In the physical world, recycling is usually a good thing: By finding a new use for what was once junk, we can benefit the environment and save energy too. But when professional critics merely reuse debunked allegations of wrongdoing, the policy environment gets worse, not better.
Unfortunately, this latter type of recycling describes complaints by the founders of the price comparison website Foundem and their lawyer Gary Reback in a February 20 New York Times Magazine article. Foundem and Mr. Reback primarily complain about something called “search bias.” Each time Google improves its search engine to point to new websites or to generate its own direct answers to queries (like showing a map when you search for an address), a small number of other websites such as Foundem have complained that they lose user traffic and claim that Google’s search algorithm has become “biased” against them. The problem with these claims is that consumers benefit from these product improvements, and no website has a right to users’ clicks tomorrow just because the site got their clicks yesterday.
I am well aware of these “search bias” complaints, in part due to my own time as an attorney at the Federal Trade Commission. While I was there, the FTC, along with several state attorneys generals including California, New York, and Texas, conducted a wide-ranging investigation of Google’s search and mobile practices. The FTC collected over nine million pages of documents, testimony from Google’s executives and critics, and extensive search data showing how Google’s design changes were shaped by search engine traffic and user behavior.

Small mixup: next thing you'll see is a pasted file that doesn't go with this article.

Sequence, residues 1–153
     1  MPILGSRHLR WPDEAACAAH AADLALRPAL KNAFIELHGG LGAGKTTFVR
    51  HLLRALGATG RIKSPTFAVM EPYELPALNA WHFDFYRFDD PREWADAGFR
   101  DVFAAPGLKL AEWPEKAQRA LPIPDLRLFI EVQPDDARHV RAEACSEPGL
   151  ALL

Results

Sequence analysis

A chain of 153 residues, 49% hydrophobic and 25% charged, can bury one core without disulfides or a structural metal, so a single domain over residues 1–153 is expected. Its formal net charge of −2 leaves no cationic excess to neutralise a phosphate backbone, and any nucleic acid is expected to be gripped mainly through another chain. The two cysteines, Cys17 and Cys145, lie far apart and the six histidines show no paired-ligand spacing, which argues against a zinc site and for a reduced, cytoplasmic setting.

After all of this effort, the FTC’s professional staff, including separate teams of lawyers and economists, unanimously recommended closing the search bias investigation, and all five FTC Commissioners (two Republicans and three Democrats) agreed to do so. The decision to close this investigation was unanimous because the evidence was clear: Google’s search algorithm was not being “biased.” It was constantly being improved to benefit consumers.
Contrary to the claims of Foundem and Mr. Reback, the FTC found that Google’s changes were designed “to improve the quality of its search results” and “likely benefited consumers.” While this conclusion should be unremarkable to anyone that uses Google, it’s significant legally because the goal of the antitrust laws is to promote consumer welfare rather than to protect particular websites or companies. The critics never come to grips with this point.
The critics point to a recent contrary decision by the European Commission to claim that the FTC reached the wrong result. But it is actually the EC, not the FTC, that is the outlier here. In addition to the FTC, all five state AGs who reviewed Google’s practices, falling across the political spectrum, rejected the allegations. Antitrust authorities in Canada and Taiwan, plus courts in the US, UK, Germany, and Brazil, have rejected similar allegations, often when they have been made by Foundem’s owners, which the Times reveals are now anti-Google paid consultants who would have a financial interest in more antitrust complaints against Google.
Recent industry developments reaffirm that the FTC got it right. At the time of the FTC investigation, people were still accessing most internet content through desktop browsers. Now, a robust app-based economy and new interconnected devices such as the Amazon Echo and onboard car displays like Apple CarPlay provide increasing ways for consumers to access digital content rather than rely on search engines. For example, consumers are increasingly using the Amazon and eBay apps to search for products; today more than half of all product searches by U.S. users start with those two companies. For local search, users access Yelp through its mobile app. Since the FTC closed its investigation, Yelp’s user base has grown by almost 80 percent.
The digital world keeps changing, and to keep up Google needs to be able to keep changing with it, improving its algorithm and pointing users to new sites and better information. That’s not bias, that’s progress. It’s time for critics to stop recycling arguments that would only benefit a handful of companies, at the expense of consumers. “Search bias” claims belong in the wastebasket, not the recycling bin.
Darren S. Tucker, a partner at Vinson & Elkins LLP, represents Google and was previously an adviser to FTC Commissioners J. Thomas Rosch (R) and Joshua D. Wright (R).
The views and opinions expressed in this commentary are those of the author and do not reflect the official position of The Daily Caller.